Introduction to Logistic Regression in PySpark | by Gustavo Santos

Tutorial to run your first classification model in Databricks

Gustavo Santos
Towards Data Science
Photo by Ibrahim Rifath on Unsplash

Big Data. Large datasets. Cloud…

Those words are everywhere, following us around and in the thoughts of clients, interviewers, managers and directors. As data gets more and more abundant, datasets only increase in size in a manner that, sometimes, it is not possible to run a machine learning model in a local environment — in a single machine, in other words.

This matter requires us to adapt and find other solutions, such as modeling with Spark, which is one of the most used technologies for Big Data. Spark accepts languages such as SQL, Python, Scala, R and it has its own methods and attributes, including its own Machine Learning library [MLlib]. When you work with Python in Spark, it is called PySpark, for example.

Furthermore, there’s a platform called Databricks that wraps Spark in a very well created layer that enables data scientists to work on it just like Anaconda.

When we’re creating a ML model in Databricks, it also accepts Scikit Learn models, but since we’re more interested in Big Data, this tutorial is all created using Spark’s MLlib, which is more suited for large datasets and also this way we add a new tool to our skill set.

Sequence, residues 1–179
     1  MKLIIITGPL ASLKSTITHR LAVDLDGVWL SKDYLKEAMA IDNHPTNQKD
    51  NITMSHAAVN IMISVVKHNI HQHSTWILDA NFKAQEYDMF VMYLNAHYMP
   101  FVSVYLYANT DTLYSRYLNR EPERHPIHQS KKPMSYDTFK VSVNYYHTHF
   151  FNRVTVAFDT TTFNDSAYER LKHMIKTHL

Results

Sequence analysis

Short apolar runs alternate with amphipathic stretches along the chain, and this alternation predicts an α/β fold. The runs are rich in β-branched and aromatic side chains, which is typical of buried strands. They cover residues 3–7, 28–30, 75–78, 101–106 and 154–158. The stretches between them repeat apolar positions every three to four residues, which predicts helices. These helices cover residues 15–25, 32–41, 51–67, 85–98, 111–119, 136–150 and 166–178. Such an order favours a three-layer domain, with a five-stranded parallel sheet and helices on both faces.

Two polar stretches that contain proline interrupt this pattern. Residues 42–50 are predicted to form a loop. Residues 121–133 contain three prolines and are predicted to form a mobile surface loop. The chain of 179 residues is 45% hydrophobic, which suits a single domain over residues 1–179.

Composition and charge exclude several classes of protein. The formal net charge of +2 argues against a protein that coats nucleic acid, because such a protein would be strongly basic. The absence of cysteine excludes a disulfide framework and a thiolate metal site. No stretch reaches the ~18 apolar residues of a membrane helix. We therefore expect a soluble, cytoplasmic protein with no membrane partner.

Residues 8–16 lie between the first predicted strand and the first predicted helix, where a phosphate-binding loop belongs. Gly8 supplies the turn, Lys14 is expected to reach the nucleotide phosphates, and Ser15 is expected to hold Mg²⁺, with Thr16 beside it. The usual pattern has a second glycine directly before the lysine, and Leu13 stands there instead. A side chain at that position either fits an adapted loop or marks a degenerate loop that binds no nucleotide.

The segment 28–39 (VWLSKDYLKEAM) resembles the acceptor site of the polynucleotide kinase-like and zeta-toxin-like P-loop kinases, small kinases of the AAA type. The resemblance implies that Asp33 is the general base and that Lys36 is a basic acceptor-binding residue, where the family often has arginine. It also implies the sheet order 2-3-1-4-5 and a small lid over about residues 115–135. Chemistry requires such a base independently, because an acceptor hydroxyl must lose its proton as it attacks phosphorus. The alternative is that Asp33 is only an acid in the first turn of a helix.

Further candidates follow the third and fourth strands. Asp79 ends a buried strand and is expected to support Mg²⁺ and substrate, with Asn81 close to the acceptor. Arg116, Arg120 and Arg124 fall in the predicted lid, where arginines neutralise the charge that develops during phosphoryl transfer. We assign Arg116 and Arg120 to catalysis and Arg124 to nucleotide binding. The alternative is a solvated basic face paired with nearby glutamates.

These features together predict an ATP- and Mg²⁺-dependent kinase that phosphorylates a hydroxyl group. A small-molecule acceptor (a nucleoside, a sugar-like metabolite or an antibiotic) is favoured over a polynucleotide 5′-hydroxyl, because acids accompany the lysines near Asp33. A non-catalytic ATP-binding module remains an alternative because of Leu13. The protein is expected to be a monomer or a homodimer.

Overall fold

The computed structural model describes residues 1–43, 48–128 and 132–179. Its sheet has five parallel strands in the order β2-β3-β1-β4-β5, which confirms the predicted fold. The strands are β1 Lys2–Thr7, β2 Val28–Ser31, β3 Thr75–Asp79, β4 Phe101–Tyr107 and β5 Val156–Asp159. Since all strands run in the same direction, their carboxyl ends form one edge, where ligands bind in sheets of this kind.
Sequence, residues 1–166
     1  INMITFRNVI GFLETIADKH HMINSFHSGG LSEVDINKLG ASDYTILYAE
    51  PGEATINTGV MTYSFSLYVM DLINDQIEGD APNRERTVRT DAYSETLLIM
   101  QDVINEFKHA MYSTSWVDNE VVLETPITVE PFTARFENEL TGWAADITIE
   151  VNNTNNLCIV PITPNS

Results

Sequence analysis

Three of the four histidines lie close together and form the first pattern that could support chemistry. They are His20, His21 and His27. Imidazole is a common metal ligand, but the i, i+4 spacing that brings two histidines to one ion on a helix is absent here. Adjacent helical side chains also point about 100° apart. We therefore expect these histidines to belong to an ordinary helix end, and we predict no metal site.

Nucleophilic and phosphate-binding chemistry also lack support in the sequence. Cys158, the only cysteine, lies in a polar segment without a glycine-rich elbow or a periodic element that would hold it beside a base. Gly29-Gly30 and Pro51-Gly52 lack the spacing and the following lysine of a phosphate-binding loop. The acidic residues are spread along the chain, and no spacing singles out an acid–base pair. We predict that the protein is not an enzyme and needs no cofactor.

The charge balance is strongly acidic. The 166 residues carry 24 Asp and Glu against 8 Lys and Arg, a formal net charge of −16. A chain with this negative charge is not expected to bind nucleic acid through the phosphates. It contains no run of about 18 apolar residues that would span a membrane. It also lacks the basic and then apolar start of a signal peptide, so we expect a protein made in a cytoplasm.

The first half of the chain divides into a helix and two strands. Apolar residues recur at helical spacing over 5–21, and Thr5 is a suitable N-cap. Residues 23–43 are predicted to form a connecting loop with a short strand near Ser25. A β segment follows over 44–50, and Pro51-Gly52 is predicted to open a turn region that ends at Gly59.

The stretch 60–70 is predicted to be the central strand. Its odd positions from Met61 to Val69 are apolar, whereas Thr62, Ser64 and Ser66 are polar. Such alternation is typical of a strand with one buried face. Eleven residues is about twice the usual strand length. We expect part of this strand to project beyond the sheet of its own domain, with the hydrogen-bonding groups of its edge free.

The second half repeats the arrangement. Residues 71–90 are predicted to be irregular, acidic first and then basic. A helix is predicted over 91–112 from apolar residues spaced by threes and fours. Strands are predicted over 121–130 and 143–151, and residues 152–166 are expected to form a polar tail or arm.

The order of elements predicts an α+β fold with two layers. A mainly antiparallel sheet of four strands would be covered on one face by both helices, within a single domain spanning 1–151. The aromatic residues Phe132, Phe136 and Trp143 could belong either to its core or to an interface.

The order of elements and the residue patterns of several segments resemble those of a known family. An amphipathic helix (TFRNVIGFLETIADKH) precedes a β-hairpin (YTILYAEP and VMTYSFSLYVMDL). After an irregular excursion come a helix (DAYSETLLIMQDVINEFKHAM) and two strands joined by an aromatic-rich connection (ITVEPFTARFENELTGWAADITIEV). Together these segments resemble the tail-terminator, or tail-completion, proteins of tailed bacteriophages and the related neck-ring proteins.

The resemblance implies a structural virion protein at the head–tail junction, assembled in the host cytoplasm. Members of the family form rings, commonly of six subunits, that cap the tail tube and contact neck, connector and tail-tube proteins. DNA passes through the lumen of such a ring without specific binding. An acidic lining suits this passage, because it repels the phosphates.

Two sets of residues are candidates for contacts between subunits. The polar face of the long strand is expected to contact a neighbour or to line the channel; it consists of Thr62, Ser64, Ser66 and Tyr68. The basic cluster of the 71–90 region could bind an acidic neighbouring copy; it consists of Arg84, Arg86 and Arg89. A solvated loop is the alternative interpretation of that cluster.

Let’s go.

The dataset for this exercise is already inside Databricks. It’s one of the UCI datasets, Adults, that is an extract from a Census and labeled with individuals that earn less or more than $50k per year. The data is publicly available in this address:

Our tutorial is to build a binary classifier that tells whether a person makes less or more than $50k of income in a year.

In this section, let’s go over each step of our model.

Here are the modules we need to import.

from pyspark.sql.functions import col
from import UnivariateFeatureSelector
from import RFormula
from import StringIndexer, VectorAssembler
from import…

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